It is a primary object of this invention to provide a new and improved unitary light emitting signal assembly for roadway markers.
It is a further important object of this invention to provide a unitary light emitting signal assembly which is useful in roadway markers employing replaceable signal assemblies.
Another important object of this invention is to provide a unitary light emitting signal assembly operable as a surface-mounted roadway marker.
Still another object of this invention is to provide a unitary light emitting signal assembly for roadway markers that embodies a central load bearing member for resisting traffic and snow plow impact forces while protecting associated light emitting signals from such forces.
A still further object of this invention is to provide an improved signal assembly for road markers which promotes longer use life by protecting the light emitting components thereof from traffic and snow plow blade impact.
A still further object of this invention is to provide an improved, versatile, low profile, light emitting, highway marker signal assembly embodying glass or plastic, detachable or integral, air gap or metalized, reflective lenses of selected color.
Having thus described this invention the above and further objects, features and advantages thereof will be recognized from the following detailed description of a preferred embodiment thereof, illustrated in the accompanying drawings and representing the best mode currently contemplated for enabling those skilled in the art to practice this invention.
FIG. 1 is an exploded perspective view illustrating the several components of a preferred signal assembly according to this invention;
FIG. 2 is an enlarged cross sectional view of the assembled components seen in FIG. 1, viewed substantially from vantage line 2--2 of FIG. 1 and looking in the direction of the arrows thereon;
FIG. 3 is a top plan view of the center bar component shown in FIGS. 1 and 2;
FIG. 4 is a front elevational view thereof;
FIG. 5 is an end elevational view thereof;
FIG. 6 is a bottom plan view thereof;
FIG. 7 is an enlarged cross sectional view taken substantially along vantage line 7--7 of FIG. 3, looking in the direction of the arrows thereon;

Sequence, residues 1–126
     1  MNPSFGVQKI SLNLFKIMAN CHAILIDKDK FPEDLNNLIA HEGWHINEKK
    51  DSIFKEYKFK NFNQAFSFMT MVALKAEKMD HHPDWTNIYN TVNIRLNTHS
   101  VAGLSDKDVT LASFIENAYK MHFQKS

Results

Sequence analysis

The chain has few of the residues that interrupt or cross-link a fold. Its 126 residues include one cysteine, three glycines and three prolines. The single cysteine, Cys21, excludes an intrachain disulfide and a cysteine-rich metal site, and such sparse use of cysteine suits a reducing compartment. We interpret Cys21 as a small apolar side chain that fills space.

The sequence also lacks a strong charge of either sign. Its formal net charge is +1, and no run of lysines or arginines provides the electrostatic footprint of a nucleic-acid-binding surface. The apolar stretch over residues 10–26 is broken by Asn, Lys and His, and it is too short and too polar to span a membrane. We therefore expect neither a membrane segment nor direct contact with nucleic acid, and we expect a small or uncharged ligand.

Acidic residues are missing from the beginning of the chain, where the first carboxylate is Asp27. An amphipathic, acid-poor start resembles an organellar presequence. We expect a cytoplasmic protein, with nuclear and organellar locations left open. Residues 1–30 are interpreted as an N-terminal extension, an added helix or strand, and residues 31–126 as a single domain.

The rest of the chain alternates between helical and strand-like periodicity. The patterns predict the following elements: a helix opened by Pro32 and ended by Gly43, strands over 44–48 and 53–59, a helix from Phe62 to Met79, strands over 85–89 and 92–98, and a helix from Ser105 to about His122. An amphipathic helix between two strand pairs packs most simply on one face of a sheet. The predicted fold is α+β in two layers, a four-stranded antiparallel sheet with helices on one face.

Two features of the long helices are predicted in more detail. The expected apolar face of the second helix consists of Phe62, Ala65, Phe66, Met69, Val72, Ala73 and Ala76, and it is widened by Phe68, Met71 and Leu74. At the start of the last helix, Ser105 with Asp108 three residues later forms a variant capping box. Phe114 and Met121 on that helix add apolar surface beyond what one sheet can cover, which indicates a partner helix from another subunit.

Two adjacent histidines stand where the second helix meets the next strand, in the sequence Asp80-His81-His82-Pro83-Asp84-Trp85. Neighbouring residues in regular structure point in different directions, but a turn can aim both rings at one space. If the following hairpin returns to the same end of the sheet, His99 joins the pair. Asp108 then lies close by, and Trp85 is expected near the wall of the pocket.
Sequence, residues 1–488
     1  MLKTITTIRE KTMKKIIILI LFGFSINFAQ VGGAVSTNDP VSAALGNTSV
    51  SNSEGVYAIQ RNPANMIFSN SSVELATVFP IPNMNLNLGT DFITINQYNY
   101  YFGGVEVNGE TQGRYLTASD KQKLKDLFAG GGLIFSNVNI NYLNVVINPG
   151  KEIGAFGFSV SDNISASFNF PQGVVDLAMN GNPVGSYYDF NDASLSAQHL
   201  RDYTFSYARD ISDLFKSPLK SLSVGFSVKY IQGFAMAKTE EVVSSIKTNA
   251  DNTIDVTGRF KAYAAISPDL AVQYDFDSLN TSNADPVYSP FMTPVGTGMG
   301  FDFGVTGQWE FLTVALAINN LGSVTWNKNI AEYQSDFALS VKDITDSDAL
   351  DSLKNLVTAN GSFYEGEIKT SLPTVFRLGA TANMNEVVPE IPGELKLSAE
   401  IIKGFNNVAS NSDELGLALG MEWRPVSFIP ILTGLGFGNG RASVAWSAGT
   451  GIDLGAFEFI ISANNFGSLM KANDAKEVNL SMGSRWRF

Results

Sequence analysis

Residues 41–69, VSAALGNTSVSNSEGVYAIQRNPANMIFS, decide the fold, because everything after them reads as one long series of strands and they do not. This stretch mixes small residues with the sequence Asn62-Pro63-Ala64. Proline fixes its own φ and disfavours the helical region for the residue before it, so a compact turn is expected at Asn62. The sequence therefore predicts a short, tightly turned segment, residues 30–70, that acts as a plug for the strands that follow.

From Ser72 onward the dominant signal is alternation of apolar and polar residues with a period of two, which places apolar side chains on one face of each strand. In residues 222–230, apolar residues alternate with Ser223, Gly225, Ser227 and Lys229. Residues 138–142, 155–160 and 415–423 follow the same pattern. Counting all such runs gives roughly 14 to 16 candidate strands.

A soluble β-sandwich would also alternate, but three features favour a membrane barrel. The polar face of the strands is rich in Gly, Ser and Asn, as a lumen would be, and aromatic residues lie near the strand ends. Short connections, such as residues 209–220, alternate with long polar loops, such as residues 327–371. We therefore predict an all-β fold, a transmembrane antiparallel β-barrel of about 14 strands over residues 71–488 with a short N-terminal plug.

FIG. 8 is a top plan view with portions broken away of an air-gap light reflective lens of the signal assembly shown in FIG. 1;
FIG. 9 is an end elevation of the lens shown in FIG. 8;
FIG. 10 is a top plan view of a non-reflective blank lens insert;
FIG. 11 is an end elevation of the blank insert shown in FIG. 10;
FIG. 12 is a top plan view of the assembled signal assembly hereof;
FIG. 13 is an exploded perspective view of a modified signal assembly according to this invention; and
FIG. 14 is an enlarged cross sectional view similar to FIG. 2, taken transversely of integrated components of the light assembly shown in FIG. 13.
Turning initially to FIG. 1 of the drawings it will be recognized that the signal assembly, indicated generally at 20 therein, comprises four primary components, namely, a rigid load carrying center bar 21 and, a supporting base 22 receptive of bar 21, a pair of light emitting assemblies 23 or alternatively a single reflective assembly 23 and a non-reflective blank 50.
In FIG. 2, the assembled relationship of the several components set out in FIG. 1 is illustrated. Center bar 21 preferably is cast or machined from iron, steel, light metal alloys or similar rigid, compression resistant materials, which may be hardened if desired to promote longer life and wear resistance. Center bar 21 is a load bearing element which transfers forces directly to a support surface on which the assembly is mounted.